This week’s roundup comes to you in three parts. First up, some housekeeping and personal news: First, I’m hoping to start a regular mailbag feature here. So AMA. Send me your questions about my work, the issues I cover, stuff I like, stuff you’ve read here, recommendations. Have at it.
Balko: "I had an essay in the New York Times about the long and sordid history of elite police units like the SCORPION unit that killed Tyre Nichols."
NYT? The Big Time -- WTG!
With regards to the very first bullet point, my favorite thing to read from you is debunking faulty forensic science. Much of it is completely made up, but smart people believe it because it makes sense. Lots of things that make sense turn out to be false and the lay public has no real way of knowing this unless those with the loudest voices convince them.
Unfortunately, it is much easier to just believe what the "experts" say without really examining the basis for why they say things. As an example, Megan Kelly (think of her what you will, but she has a huge following) recently had a guest on who discussed how he gets information from listening to 911 tapes. As in, he can tell if the person on the tape is lying or telling the truth based on their demeanor. Before believing that, I want to know how often he is correct in his assessment and how often he is wrong (as determined by as objective a source as possible - not the forensic experts and not the prosecutors). Just like getting accuracy readings on drug dogs (which is somehow never released for the public to see), it really shouldn't be too hard to determine.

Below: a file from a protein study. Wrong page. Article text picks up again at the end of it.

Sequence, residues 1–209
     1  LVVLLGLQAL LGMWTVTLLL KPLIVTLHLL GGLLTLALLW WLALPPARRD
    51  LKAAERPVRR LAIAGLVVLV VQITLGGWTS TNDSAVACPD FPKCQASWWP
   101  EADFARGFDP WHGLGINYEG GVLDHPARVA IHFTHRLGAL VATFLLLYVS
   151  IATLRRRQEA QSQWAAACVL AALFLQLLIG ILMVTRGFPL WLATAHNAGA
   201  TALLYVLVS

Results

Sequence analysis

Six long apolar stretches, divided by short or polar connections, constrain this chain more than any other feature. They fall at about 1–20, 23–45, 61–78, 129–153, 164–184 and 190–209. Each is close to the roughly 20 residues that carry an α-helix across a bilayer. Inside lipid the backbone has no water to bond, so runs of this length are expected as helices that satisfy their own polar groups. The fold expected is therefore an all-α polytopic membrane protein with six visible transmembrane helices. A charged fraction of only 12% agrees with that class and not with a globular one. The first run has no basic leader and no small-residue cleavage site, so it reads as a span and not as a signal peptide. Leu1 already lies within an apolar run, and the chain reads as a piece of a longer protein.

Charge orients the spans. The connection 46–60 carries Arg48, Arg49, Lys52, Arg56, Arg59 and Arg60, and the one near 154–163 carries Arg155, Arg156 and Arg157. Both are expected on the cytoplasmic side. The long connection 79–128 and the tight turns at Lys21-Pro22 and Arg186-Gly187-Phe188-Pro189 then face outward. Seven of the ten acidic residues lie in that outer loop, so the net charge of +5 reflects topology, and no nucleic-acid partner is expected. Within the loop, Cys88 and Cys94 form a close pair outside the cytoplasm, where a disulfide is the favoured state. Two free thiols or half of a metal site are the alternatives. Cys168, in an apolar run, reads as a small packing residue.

That is just one example of what irks me today :). The larger point, though, is that I want to see more evaluation of forensic science and more attempts to have the common culture acknowledge that most of it is false.
It's not just the moose you spot. It's the moose you don't spot.
I wrote a comment that referred to the following in a comment at The Bulwark. A good example of Justice reform actually happening is in Chittenden County, Vermont. Sarah George, the State’s Attorney (an elected position) for the County is working on removing cash bail. Her point is having money to post bail has nothing to do with the severity of the crime, it is based solely on income level. In Burlington, she and others are working on the huge problem of people stealing cars to sleep in on cold nights. They are working on restitution to owners coupled with restorative Justice.
First, congratulations on your joining the Quatrone Center. I just read your review of Riotsville, USA. I first became aware of your work after encountering NEMLEC, which was chaperoning a Hell's Angels contingent to a biker event somewhere near Shirley, MA. Looking up the North East Massachusetts Law Enforcement Council, I found your piece in WaPo about this private SWAT outfit. I was shocked to learn that this function had been privatized. Is this now a prevalent model?